The act of preparing a cup of tea is relaxing in and of itself. Green and other herbal teas also have properties that promote feelings of calmness and focus. Tea is also an inexpensive, healthy treat that helps keep us hydrated, rather than a sugary or carb-heavy treat that can provoke mood swings and energy crashes.
A small speaker, or headphones when appropriate, can completely change the atmosphere of the workplace. Listening to soothing sounds of ocean waves, rainfall, or even classical music can gently encourage your brain waves to stay calm and focused.
Gratitude is a powerful tool, and just the fact that you are at work means there is something to be grateful for. Many people find it relaxing to take a few minutes and think about things they are grateful for, both small and big. One exercise to try is to inhale and exhale slowly 10 times, using the inhale to think of something and the exhale to be grateful for it.
Stress is a natural part of work life, and doesn't have to be all bad. Instead of running away from stress when it arises, notice it and let it come and go. If something is stressing you out to an extreme degree, the first step toward dealing with it will be noticing it, which is sometimes enough to help it fade away.
It's hard to be focused, mindful, or present when you are constantly fidgeting around trying to get comfortable. Even if you have to invest money out of pocket for a comfortable chair, it's money well spent. The level of comfort you feel can easily translate into more efficient work and help avoid physical issues down the line.
In today's competitive professional environment, taking vacation days can seem like a sign of weakness or lack of commitment to the job. But taking an extended break from work can actually help you be more productive and inspired at work both before and after the vacation. Having something to look forward to as well as memories of time well spent both help to balance long hours on the job.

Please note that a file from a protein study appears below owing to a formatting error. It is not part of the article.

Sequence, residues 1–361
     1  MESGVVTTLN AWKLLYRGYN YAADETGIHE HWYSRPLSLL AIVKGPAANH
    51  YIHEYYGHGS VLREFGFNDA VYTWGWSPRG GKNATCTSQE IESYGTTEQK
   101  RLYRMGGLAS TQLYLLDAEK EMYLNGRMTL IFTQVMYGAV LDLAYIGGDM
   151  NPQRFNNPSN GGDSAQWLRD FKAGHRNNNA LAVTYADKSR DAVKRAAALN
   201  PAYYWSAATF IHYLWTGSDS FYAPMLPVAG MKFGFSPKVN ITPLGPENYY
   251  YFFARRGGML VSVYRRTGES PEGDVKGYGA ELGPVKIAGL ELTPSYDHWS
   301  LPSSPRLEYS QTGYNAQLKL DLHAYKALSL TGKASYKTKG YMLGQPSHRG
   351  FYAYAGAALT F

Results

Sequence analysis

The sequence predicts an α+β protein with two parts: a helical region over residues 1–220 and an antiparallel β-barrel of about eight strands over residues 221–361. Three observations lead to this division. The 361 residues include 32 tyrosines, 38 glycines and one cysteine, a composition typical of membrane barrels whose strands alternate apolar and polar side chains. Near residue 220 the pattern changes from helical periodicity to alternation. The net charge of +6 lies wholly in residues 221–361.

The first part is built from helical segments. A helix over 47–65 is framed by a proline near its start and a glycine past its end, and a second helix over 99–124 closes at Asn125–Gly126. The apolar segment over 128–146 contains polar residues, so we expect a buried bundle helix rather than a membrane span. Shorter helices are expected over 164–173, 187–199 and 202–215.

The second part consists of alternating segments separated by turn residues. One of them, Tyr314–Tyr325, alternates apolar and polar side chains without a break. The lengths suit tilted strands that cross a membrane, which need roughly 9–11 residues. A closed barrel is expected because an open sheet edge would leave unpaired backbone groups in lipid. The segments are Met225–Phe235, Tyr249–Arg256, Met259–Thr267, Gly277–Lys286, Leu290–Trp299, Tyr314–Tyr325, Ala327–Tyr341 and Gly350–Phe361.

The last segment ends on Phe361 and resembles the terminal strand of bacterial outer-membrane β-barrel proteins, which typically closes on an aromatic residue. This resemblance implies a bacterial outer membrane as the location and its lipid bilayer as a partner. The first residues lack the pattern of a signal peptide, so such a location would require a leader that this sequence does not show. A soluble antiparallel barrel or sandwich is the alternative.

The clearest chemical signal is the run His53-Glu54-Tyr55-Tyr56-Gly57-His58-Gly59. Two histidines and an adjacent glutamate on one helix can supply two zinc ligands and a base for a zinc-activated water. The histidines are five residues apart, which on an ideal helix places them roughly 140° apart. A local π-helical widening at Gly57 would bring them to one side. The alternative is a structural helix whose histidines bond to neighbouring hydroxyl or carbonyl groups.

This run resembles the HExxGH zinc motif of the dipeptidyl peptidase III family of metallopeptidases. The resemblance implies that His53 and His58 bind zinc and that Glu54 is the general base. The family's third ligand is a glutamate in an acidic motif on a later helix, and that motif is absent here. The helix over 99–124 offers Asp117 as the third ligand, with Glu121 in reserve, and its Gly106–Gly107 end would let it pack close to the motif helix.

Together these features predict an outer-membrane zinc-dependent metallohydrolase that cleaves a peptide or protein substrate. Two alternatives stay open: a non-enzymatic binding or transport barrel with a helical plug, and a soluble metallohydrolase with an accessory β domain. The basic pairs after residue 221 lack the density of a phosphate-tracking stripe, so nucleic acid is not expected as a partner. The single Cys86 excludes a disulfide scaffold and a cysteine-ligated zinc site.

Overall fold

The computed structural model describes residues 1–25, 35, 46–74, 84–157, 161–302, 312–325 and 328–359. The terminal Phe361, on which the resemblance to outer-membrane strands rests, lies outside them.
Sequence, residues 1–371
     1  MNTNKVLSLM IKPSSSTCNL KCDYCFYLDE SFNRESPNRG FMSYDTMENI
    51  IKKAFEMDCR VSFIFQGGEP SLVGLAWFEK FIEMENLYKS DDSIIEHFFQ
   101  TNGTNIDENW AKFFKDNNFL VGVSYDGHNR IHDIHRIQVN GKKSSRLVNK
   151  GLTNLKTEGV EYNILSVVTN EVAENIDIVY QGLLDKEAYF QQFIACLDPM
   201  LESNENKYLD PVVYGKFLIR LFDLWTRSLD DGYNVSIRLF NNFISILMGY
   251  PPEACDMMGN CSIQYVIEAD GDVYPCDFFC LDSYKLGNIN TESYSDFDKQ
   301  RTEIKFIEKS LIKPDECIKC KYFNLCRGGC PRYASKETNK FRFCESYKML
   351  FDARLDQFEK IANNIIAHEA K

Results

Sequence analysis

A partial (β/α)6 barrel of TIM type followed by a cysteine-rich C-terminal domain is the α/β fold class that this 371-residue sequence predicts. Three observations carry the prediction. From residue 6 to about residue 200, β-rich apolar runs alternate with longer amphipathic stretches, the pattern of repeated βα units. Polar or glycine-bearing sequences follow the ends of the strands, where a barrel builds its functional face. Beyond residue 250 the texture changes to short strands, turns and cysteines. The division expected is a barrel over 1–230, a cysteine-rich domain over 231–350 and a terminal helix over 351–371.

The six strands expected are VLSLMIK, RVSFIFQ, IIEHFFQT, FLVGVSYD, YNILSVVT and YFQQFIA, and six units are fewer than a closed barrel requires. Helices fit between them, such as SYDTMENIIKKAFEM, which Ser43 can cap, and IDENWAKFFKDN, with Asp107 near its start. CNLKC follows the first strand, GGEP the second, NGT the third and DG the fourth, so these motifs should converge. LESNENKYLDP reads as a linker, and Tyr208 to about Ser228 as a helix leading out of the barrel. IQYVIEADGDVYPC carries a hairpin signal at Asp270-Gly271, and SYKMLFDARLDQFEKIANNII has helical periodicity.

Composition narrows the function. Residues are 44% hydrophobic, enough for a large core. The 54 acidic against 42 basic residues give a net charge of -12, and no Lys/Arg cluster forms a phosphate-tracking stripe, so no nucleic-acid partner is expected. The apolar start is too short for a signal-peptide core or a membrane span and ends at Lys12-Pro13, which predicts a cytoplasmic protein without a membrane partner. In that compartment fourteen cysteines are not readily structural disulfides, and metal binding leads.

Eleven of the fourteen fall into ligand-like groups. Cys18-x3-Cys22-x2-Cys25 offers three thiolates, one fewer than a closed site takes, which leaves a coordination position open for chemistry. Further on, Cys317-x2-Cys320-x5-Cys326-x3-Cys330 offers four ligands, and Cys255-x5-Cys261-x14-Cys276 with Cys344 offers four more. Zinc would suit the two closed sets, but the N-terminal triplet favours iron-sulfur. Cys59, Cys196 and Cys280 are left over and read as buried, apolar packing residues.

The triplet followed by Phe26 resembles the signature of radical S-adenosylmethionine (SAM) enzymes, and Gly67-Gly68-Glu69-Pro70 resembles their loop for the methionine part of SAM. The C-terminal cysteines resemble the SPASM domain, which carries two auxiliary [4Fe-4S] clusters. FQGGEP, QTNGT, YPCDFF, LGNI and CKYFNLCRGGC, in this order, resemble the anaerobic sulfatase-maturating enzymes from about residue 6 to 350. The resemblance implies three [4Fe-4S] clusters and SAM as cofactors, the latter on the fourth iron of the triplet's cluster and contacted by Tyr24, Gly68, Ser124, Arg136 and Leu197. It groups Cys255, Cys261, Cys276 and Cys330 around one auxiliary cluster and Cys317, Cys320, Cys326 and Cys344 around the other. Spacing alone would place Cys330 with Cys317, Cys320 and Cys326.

Taking a few moments each hour, or even just once a day, to breathe deeply does wonders for a sense of being centered. In addition to being calming to the central nervous system, deep breathing also helps get plenty of oxygen to the brain.
Meditating on your own in the middle of a busy day can seem unrealistic. These days, there are apps that provide guided meditations that can be customized to fit your schedule, even if you literally have only 2 minutes. Apps like Headspace and The Mindfulness App are user favorites.
Inbox fatigue is a real thing. With a constant stream of messages demanding attention, it can feel like you're never truly done with emails. Blocking off specific times per day to check and respond to email can help compartmentalize it so that it doesn't feel like you're always working on email, and free you up to give other tasks 100 percent of your attention.
Breathing fresh air and taking a little walk can be extremely beneficial to your mood and perspective. Getting outside is a good reminder that there is an entire world outside of the workplace, and that work is just one part of life, not the entire thing.
Commutes can feel like an extension of work, but it's worth the time and effort to make them enjoyable parts of your day. Even if you are inevitably stuck in traffic, listening to music or podcasts can be a relaxing way to turn it into "me time."
Sometimes work is overwhelming when there are big projects or important deadlines. Regardless of what it is, if you are fatigued and under performing, it's time to stop. It's better to stop and put in a few extra hours later when you have the focus and energy than it is to keep pushing on when you're at only 50 percent.